Claims Conference Secures $13.5 Million In Funding To Get Holocaust Survivors To Vaccine Sites

A New Program, Established by The Claims Conference and Funded by The German Government, Will Ensure Holocaust Survivors Globally Have the Means to Get To COVID-19 Vaccine Sites

March 24, 2021 12:01 AM EDT

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NEW YORK, March 24, 2021 /PRNewswire/ -- Today, Gideon Taylor, President of the Conference on Jewish Material Claims Against Germany (Claims Conference) announced the new Holocaust Survivor Vaccine Assistance Program (HSVAP) provided by the German government to support Holocaust survivors in the decision, organization, and vitally important process to get survivors to vaccination locations worldwide.

The funds from the HSVAP, $13.5 million, will be deployed by the Claims Conference through an existing network of more than 300 agency partners around the world. Funds will cover costs including, organization of vaccination appointments, transportation to and from appointments, and coordination of follow up care and counseling for survivors before, during and after vaccinations as needed.

Gideon Taylor, President of the Claims Conference said, "Many Holocaust survivors are vulnerable and many are homebound. Getting a vaccine can be a scary step for a Holocaust survivor. Often, they need help getting through the process. Sometimes it is about holding their hands - figuratively and also literally. It is about survivors knowing that they are not alone."

Currently, there are more than 340,000 Holocaust survivors living around the world. Vaccination distribution varies greatly from location to location, but in many countries, there are ample vaccines but no system that ensures access through transportation, homebound coordination and support, both physical and emotional. The HSVAP is intended to address critical gaps in local programs that do not meet survivor needs, by providing local agencies who support survivors with the funds they need to ensure that Holocaust survivors are not lost amidst local distribution efforts.

Claims Conference Special Negotiator Ambassador Stuart Eizenstat, who led the negotiations with the German government, stated, "This added support from the German government will expand our efforts to over forty countries in which Holocaust survivors live. Once national governments make vaccines available, we will be there to ensure that every survivor knows their options, has access to vaccines, and does not feel abandoned. We are very appreciative that the German government responded to our request for support for this essential funding in such a positive way."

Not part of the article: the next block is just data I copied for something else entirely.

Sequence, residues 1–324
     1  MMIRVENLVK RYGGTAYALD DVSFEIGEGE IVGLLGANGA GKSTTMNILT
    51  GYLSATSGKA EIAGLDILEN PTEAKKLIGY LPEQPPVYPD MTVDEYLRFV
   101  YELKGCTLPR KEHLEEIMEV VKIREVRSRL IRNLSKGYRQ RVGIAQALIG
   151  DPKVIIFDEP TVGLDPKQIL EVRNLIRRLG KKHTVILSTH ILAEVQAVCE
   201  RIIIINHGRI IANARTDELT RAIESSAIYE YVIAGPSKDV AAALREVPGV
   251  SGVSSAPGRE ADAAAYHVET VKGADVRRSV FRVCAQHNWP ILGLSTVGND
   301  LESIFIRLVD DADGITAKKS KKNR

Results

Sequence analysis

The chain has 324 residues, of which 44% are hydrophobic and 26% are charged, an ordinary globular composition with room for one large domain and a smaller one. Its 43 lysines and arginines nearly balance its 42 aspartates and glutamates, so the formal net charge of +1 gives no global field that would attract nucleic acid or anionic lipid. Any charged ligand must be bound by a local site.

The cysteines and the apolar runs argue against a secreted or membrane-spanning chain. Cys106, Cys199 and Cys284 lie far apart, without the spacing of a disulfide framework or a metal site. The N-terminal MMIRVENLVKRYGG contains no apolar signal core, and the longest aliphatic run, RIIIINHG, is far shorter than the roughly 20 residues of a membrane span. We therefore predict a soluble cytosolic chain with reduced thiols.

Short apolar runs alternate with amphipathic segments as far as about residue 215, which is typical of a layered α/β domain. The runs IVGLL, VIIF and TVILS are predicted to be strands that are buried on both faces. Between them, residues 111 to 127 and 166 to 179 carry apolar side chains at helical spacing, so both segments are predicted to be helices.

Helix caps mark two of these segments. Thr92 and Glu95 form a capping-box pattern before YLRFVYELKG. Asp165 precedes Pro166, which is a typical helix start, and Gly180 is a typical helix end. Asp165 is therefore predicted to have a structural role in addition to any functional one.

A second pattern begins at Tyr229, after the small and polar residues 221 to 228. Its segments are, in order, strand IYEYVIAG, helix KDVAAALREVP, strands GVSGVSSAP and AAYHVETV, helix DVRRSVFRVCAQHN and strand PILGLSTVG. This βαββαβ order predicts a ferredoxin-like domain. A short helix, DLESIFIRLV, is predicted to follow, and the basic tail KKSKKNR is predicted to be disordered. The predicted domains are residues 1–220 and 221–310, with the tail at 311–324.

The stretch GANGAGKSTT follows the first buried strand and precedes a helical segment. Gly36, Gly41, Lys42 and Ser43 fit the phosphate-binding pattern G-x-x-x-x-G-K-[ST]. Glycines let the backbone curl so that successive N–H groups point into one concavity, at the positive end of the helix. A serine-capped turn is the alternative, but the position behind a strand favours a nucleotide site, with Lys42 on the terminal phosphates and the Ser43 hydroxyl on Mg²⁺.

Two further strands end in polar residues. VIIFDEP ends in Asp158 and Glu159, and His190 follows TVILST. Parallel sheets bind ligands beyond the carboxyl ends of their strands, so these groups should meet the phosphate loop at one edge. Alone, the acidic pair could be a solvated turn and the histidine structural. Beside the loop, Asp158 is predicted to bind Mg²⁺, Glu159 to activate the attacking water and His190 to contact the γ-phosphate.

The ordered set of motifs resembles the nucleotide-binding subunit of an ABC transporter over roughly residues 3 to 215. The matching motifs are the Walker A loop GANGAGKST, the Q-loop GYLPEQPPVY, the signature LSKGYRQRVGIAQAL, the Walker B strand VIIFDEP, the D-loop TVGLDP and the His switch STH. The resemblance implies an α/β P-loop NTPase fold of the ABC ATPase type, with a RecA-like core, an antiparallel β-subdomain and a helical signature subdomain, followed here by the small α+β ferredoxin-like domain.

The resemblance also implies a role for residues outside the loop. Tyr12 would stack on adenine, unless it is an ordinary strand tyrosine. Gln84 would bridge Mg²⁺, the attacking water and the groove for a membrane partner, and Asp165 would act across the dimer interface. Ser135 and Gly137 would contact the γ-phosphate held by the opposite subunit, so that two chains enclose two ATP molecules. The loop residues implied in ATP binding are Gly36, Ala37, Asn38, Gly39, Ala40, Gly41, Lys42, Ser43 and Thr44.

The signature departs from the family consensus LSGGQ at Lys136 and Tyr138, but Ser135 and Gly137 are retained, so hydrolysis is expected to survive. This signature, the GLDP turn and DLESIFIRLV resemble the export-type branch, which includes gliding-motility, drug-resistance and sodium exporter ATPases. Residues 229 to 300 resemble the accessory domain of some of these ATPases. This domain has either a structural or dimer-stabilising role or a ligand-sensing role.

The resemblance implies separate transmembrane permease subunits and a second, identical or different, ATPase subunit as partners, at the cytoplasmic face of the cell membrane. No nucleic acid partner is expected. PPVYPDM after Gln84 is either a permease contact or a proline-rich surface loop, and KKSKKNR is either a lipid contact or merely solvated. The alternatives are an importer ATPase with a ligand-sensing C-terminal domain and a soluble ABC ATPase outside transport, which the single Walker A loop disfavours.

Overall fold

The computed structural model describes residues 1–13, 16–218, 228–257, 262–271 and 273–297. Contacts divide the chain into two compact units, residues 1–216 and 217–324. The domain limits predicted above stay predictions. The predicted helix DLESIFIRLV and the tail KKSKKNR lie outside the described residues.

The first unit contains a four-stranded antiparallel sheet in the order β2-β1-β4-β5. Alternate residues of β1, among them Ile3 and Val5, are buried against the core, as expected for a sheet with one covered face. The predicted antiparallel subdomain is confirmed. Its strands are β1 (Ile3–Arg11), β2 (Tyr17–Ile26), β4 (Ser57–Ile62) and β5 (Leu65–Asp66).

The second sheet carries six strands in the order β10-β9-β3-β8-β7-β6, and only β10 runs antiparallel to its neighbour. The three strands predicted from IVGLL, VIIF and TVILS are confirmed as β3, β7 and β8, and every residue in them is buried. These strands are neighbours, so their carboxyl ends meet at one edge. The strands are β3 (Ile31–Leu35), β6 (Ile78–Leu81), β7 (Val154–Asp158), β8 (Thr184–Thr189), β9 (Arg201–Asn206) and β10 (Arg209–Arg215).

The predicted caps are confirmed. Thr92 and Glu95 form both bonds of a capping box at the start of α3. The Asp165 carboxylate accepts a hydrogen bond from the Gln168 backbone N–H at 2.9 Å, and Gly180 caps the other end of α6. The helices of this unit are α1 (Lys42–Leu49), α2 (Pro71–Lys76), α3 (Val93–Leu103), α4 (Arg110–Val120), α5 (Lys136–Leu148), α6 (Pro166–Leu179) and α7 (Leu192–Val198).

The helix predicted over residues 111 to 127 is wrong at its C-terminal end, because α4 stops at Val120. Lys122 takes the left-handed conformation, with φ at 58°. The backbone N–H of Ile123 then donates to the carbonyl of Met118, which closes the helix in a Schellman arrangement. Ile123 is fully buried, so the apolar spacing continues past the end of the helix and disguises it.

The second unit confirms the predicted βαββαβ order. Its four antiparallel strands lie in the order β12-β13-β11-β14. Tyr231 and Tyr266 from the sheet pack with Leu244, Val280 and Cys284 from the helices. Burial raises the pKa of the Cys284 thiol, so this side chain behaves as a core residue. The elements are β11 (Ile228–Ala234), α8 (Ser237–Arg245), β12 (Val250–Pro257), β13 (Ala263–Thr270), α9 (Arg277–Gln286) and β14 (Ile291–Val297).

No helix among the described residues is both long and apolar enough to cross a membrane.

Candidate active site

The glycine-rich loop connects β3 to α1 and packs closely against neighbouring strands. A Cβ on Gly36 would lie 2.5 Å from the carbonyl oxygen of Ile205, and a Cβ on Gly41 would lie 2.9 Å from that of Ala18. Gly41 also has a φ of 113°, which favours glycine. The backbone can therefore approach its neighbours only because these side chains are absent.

"We have seen how this type of assistance can make the difference in getting this life-saving vaccine, In the case of someone who is homebound it's not just a matter of having the vaccine, we must find a way to get the survivor to the vaccination location" said Claims Conference Executive Vice President Greg Schneider. "In Israel, for example, we are pro-actively calling 18,000 of the most disabled Holocaust survivors and offering ambulance service to vaccine centers. In the U.S. we estimate 45% of Holocaust survivors are not yet vaccinated. We are rolling out a plan in the U.S., Canada, and Europe to ask tens of thousands of survivors we estimate are unvaccinated to see if they need aid in scheduling or transportation for an appointment. As additional countries make vaccines available, we will rollout outreach plans."

The HSVAP is a one-time program, existing solely for the purpose of ensuring vaccine access for Holocaust survivors.

About the Claims Conference: The Conference on Jewish Material Claims Against Germany (Claims Conference), a nonprofit organization with offices in New York, Tel Aviv and Berlin secures material compensation for Holocaust survivors around the world. Founded in 1951 by representatives of 23 major international Jewish organizations, the Claims Conference negotiates for and disburses funds to individuals and organizations and seeks the return of Jewish property stolen during the Holocaust. As a result of negotiations with the Claims Conference since 1952, the German government has paid more than $80 billion in indemnification to individuals for suffering and losses resulting from persecution by the Nazis. In 2021, the Claims Conference will distribute approximately $625 million in direct compensation to over 60,000 survivors in 83 countries and allocate approximately $653 million in grants to over 300 social service agencies worldwide that provide vital services for Holocaust survivors, such as homecare, food, and medicine.


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